Deans' stroke musings

Changing stroke rehab and research worldwide now.Time is Brain!Just think of all the trillions and trillions of neurons that DIE each day because there are NO effective hyperacute therapies besides tPA(only 12% effective). I have 493 posts on hyperacute therapy, enough for researchers to spend decades proving them out. These are my personal ideas and blog on stroke rehabilitation and stroke research. Do not attempt any of these without checking with your medical provider. Unless you join me in agitating, when you need these therapies they won't be there.

What this blog is for:

Shortly after getting out of the hospital and getting NO information on the process or protocols of stroke rehabilitation and recovery I started searching on the internet and found that no other survivor received useful information. This is an attempt to cover all stroke rehabilitation information that should be readily available to survivors so they can talk with informed knowledge to their medical staff. It's quite disgusting that this information is not available from every stroke association and doctors group.
My back ground story is here:http://oc1dean.blogspot.com/2010/11/my-background-story_8.html

Monday, July 24, 2017

Study finds increased risk of death, heart attack in people who survive stroke without complications

Pretty much totally useless. they don't refer to any protocols at all on stroke prevention, just generic crap. I'm past this 5 year window so hopefully I'm good until I die at age 104, 43 years of fun to go yet.
http://www.news-medical.net/news/20170724/Study-finds-increased-risk-of-death-heart-attack-in-people-who-survive-stroke-without-complications.aspx
People who survive a stroke or a mini-stroke without early complications have an increased risk of death, another stroke or heart attack (myocardial infarction) for at least 5 years following the initial stroke, found a new study published in CMAJ (Canadian Medical Association Journal)
"There is a real need to maintain risk reduction strategies, medical support and healthy lifestyle choices over the long-term, even years after a mild initial event," said senior author Dr. Richard Swartz, a neurologist at Sunnybrook Health Sciences Centre, Toronto, Ontario.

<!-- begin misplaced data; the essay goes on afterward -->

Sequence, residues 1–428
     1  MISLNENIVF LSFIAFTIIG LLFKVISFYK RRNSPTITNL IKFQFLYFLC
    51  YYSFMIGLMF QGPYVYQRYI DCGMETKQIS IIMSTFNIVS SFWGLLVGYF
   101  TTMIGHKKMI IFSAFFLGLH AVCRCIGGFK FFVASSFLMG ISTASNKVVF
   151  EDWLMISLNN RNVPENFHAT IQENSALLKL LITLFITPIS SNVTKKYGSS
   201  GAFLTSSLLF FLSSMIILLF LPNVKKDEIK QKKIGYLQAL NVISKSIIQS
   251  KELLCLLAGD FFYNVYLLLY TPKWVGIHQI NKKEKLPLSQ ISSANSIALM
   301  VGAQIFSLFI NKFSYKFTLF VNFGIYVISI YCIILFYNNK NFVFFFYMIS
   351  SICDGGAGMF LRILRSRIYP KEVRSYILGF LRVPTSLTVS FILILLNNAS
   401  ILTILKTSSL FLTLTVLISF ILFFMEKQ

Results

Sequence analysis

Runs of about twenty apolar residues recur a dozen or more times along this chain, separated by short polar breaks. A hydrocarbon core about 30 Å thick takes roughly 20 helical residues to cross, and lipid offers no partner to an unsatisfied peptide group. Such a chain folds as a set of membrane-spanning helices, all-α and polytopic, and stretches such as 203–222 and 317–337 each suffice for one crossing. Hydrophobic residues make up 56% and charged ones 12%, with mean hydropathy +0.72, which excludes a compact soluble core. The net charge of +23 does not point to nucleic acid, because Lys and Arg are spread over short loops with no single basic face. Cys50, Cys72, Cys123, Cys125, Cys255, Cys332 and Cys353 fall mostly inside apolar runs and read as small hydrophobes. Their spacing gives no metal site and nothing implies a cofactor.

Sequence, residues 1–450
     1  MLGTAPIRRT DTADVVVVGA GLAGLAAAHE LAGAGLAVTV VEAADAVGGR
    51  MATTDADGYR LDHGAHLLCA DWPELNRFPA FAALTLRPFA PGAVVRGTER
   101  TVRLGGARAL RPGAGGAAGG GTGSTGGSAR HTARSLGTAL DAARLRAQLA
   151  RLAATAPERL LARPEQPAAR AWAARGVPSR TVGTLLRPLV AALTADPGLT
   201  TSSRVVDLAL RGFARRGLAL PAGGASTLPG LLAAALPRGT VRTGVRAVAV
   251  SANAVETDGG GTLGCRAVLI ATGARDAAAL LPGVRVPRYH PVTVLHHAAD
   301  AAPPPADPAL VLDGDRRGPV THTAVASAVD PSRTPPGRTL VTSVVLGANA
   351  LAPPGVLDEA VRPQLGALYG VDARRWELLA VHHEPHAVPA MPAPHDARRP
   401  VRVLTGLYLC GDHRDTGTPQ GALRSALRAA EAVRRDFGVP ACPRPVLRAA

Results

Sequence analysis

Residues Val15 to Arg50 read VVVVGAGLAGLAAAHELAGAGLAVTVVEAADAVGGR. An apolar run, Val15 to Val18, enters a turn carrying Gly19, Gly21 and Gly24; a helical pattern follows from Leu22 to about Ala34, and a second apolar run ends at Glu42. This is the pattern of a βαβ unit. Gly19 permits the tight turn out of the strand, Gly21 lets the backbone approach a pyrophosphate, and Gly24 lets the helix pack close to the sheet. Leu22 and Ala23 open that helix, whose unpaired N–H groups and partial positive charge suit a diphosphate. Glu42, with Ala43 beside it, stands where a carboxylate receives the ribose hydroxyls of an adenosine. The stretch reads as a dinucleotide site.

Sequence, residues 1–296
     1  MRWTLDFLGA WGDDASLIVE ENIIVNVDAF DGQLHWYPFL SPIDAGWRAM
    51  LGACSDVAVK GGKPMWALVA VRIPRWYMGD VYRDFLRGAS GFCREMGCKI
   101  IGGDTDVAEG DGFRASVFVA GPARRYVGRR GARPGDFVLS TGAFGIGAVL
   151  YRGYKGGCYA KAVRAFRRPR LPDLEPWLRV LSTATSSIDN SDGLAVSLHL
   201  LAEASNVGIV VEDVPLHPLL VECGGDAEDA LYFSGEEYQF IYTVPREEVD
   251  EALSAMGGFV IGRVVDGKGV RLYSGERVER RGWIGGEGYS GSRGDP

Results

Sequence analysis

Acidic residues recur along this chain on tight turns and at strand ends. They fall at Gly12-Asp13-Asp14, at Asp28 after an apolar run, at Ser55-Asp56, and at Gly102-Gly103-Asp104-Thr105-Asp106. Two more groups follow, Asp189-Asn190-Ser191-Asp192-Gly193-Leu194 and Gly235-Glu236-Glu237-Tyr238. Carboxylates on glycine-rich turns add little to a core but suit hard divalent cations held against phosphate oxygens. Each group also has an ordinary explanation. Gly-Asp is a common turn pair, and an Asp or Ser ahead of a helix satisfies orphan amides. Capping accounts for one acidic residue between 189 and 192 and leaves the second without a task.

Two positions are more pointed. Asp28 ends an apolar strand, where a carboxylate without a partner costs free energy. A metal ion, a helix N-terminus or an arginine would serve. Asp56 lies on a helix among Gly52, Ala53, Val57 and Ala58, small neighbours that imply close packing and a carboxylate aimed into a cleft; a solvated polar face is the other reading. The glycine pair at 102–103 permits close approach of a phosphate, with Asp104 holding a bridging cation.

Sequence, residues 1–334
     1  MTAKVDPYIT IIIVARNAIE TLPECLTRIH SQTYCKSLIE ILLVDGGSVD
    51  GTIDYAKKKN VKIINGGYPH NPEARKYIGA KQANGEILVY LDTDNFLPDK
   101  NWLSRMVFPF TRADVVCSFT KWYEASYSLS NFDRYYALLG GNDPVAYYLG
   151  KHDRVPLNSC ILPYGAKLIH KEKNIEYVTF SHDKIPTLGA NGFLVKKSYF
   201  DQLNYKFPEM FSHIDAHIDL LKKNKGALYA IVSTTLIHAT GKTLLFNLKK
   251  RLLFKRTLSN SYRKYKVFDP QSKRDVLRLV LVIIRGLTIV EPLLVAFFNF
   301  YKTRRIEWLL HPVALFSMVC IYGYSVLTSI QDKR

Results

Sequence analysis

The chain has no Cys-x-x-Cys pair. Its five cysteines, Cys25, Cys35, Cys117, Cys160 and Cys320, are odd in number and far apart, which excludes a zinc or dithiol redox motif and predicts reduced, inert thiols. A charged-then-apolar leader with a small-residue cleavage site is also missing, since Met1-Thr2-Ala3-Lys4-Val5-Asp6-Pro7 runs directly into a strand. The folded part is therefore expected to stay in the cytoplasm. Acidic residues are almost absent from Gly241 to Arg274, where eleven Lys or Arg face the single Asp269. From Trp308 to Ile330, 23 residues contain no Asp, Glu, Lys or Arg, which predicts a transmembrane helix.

Many studies show an elevated risk over time, although most have included patients with complications in the early 90-day high-risk period and not survivors without complications in the period following stroke or transient ischemic attack (TIA).
A TIA is a mini-stroke which usually resolves quickly but indicates that a patient is at high-risk of a full stroke. The risk of stroke after TIA is highest in the first 90 days, but this study shows that there continues to be an increased risk even after years of stability.
"These analyses indicate that survival after both stroke and TIA is a marker of long-term risk, which merits aggressive attention to risk reduction strategies," write the authors.
The study included 26 366 patients who had been discharged after stroke or TIA without complications in the first 90 days at regional stroke centers in Ontario between July 2003 and March 2013, and 263 660 matched controls. Researchers found that in the patient group who did not experience complications in the post-stroke period, the risk of complications was significantly higher over the long term compared with the controls. At 1 year, 9.5% of people experienced an adverse event such as death, stroke, heart attack or admission to long-term care, 23.6% at 3 years and 35.7% at 5 years.
"These findings highlight the need for long-term management of modifiable risks, such as high blood pressure, monitoring, and treatment of irregular heart rhythms, quitting smoking and physical activity," said Dr. Swartz.
Additional options for long-term risk reduction could include tailoring existing cardiac rehabilitation programs for stroke survivors, following patients for years rather than months after their stroke or TIA, and embedding long-term management into primary care practices.
"For survivors of stroke or TIA, the long-term risk of recurrent stroke was particularly high, indicating that stroke recurrence is the most important modifiable outcome," the authors conclude.
In a related commentary http://www.cmaj.ca/lookup/doi/10.1503/cmaj.170410, Dr. Michael Hill, University of Calgary, writes "stroke is under-recognized as a major public health problem and incorrectly considered to be a disease that affects only older people. In North America and Western Europe, stroke is the third or fourth leading cause of death overall, but in the developing world is the first or second, depending on the country."
We must focus on reducing recurrent strokes and death with better post-stroke treatments and long-term follow up.

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